To Spot Concussions In Kids, Check Their Spit
Katie Bohn, 29 Nov 17
       

(Credit: Getty Images)

MicroRNAs—tiny snippets of noncoding RNA—in saliva may be able to help diagnose concussions in kids and predict their duration more accurately than patient surveys alone.


“The tools we use [currently] to diagnose and manage concussions are subjective…”


The findings could result in a more fact-based way to diagnose and treat concussion patients, says Steven Hicks, an assistant professor of pediatrics at Penn State.

“There’s been a big push recently to find more objective markers that a concussion has occurred, instead of relying simply on patient surveys.

“Previous research has focused on proteins, but this approach is limited because proteins have a hard time crossing the blood-brain barrier. What’s novel about this study is we looked at microRNAs instead of proteins, and we decided to look in saliva rather than blood.”

A new way

Concussions usually occur after a blow to the head—for example, during sports or a car accident. They can result in such symptoms as headache, nausea, confusion, amnesia, or lack of consciousness. While most concussions clear up within two weeks, about one-third of patients will experience symptoms longer.

Patients are usually advised to rest and stay away from such physical activity as sports or gym class until their symptoms subside. Hicks says that while it is important to give the brain enough time to heal, it is difficult to accurately predict how long patients should rest.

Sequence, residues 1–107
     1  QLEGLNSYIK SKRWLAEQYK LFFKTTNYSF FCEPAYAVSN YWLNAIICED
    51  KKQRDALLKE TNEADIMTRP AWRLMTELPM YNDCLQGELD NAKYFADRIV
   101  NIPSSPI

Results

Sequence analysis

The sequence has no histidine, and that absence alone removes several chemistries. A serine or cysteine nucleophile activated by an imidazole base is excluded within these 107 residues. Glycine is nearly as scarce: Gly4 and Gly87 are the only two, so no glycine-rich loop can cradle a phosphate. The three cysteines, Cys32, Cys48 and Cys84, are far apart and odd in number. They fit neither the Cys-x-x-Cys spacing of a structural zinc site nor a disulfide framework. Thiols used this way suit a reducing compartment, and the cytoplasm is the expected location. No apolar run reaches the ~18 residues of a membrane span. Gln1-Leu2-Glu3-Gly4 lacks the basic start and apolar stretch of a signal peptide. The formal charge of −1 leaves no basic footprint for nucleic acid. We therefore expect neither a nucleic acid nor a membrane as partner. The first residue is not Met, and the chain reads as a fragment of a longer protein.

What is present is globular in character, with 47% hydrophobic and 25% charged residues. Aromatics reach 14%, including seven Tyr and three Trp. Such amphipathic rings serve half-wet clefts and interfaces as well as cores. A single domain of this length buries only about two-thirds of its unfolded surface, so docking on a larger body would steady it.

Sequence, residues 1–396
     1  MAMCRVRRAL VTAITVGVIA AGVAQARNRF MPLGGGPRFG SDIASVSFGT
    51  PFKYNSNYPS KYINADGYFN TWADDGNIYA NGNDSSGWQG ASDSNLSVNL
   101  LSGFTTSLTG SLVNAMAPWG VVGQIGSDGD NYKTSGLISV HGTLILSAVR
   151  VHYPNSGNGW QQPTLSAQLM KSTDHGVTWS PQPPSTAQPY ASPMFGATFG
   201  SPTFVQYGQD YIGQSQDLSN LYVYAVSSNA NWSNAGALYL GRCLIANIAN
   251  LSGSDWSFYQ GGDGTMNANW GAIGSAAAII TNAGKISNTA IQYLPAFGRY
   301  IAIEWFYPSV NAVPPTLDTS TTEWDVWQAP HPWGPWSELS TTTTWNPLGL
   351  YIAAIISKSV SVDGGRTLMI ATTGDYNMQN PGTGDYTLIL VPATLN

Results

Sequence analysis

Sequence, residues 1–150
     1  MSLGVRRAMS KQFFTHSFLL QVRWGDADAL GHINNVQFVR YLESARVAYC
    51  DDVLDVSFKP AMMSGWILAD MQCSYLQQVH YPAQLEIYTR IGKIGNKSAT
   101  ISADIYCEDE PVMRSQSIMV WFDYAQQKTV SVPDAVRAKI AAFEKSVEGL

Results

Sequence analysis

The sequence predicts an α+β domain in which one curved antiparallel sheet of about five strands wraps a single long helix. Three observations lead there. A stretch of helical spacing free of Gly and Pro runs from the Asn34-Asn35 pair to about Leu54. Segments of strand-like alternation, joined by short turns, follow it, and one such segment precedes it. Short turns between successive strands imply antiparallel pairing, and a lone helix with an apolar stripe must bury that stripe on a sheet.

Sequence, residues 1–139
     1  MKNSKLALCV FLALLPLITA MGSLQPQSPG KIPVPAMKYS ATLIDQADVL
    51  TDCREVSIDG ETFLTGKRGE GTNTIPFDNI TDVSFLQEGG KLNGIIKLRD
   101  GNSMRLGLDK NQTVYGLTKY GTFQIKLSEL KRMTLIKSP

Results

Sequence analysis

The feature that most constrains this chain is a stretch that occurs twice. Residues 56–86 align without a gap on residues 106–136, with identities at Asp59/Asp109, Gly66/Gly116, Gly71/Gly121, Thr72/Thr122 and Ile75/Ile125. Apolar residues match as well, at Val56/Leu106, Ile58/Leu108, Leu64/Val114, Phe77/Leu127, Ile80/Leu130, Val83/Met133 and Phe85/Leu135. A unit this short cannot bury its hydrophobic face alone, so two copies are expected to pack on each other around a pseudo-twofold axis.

“As a general pediatrician, I often see children with concussions,” Hicks says. “The tools we use to diagnose and manage concussions are subjective—we do a physical exam and then have them answer a survey about their symptoms. Then, we make an educated guess about how long that child might continue to have a headache or feel nauseous. But those guesses aren’t evidence-based and aren’t always accurate.”

MicroRNAs are found throughout the body and affect how genes are expressed depending on different conditions, like disease or injury. The researchers suspected these biomarkers might be able to predict the presence and length of concussions.

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